This article is part of the supplement: Eighth International Conference on Bioinformatics (InCoB2009): Computational Biology
Identification of cell cycle-related regulatory motifs using a kernel canonical correlation analysis
1 Graduate Program in Bioinformatics, Seoul National University, Seoul 151-744, Korea
2 Center for Biointelligence Technology (CBIT), Seoul National University, Seoul 151-744, Korea
3 Boyce Thompson Institute for Plant Research, Cornell University, Ithaca, NY 14853, USA
4 Konan Technology Inc., Seoul 135-080, Korea
5 USDA Robert W. Holley Center for Agriculture and Health, Ithaca, NY 14853, USA
6 School of Computer Science and Engineering, Seoul National University, Seoul 151-744, Korea
BMC Genomics 2009, 10(Suppl 3):S29 doi:10.1186/1471-2164-10-S3-S29Published: 3 December 2009
Gene regulation is a key mechanism in higher eukaryotic cellular processes. One of the major challenges in gene regulation studies is to identify regulators affecting the expression of their target genes in specific biological processes. Despite their importance, regulators involved in diverse biological processes still remain largely unrevealed. In the present study, we propose a kernel-based approach to efficiently identify core regulatory elements involved in specific biological processes using gene expression profiles.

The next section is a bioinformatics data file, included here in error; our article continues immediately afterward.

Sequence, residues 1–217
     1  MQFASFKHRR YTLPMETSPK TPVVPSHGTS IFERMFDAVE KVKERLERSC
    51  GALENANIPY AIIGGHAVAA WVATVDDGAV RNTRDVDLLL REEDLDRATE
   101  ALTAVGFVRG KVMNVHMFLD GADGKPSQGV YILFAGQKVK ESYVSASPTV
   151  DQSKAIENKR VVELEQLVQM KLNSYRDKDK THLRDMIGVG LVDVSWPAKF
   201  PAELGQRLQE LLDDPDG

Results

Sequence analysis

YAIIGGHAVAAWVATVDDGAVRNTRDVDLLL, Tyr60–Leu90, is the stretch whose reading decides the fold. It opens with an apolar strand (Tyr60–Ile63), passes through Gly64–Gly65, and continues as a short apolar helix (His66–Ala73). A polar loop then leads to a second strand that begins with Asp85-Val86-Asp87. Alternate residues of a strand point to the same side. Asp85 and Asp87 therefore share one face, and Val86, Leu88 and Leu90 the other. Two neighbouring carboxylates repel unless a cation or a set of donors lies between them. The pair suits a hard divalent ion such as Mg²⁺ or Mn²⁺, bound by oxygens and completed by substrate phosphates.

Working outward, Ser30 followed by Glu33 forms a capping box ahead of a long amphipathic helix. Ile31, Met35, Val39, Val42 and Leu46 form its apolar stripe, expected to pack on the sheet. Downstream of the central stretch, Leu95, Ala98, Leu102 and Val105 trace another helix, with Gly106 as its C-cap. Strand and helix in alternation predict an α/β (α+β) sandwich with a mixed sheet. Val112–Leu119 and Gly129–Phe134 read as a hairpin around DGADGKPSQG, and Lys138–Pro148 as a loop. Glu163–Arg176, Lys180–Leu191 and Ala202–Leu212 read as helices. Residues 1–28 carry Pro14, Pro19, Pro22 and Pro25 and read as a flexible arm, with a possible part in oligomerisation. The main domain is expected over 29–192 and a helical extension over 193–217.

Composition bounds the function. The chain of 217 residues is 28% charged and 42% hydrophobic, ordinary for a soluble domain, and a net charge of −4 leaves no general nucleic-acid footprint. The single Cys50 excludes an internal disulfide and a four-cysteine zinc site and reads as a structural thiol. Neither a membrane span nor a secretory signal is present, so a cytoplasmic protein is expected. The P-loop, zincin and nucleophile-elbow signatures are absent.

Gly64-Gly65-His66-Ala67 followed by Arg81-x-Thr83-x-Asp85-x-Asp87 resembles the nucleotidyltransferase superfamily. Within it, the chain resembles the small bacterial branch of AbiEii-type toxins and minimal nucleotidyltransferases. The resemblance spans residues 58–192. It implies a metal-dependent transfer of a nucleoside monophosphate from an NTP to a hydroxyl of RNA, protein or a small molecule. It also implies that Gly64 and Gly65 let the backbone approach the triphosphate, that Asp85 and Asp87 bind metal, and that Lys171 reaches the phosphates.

We developed a framework that can detect correlations between gene expression profiles and the upstream sequences on the basis of the kernel canonical correlation analysis (kernel CCA). Using a yeast cell cycle dataset, we demonstrated that upstream sequence patterns were closely related to gene expression profiles based on the canonical correlation scores obtained by measuring the correlation between them. Our results showed that the cell cycle-specific regulatory motifs could be found successfully based on the motif weights derived through kernel CCA. Furthermore, we identified co-regulatory motif pairs using the same framework.
Given expression profiles, our method was able to identify regulatory motifs involved in specific biological processes. The method could be applied to the elucidation of the unknown regulatory mechanisms associated with complex gene regulatory processes.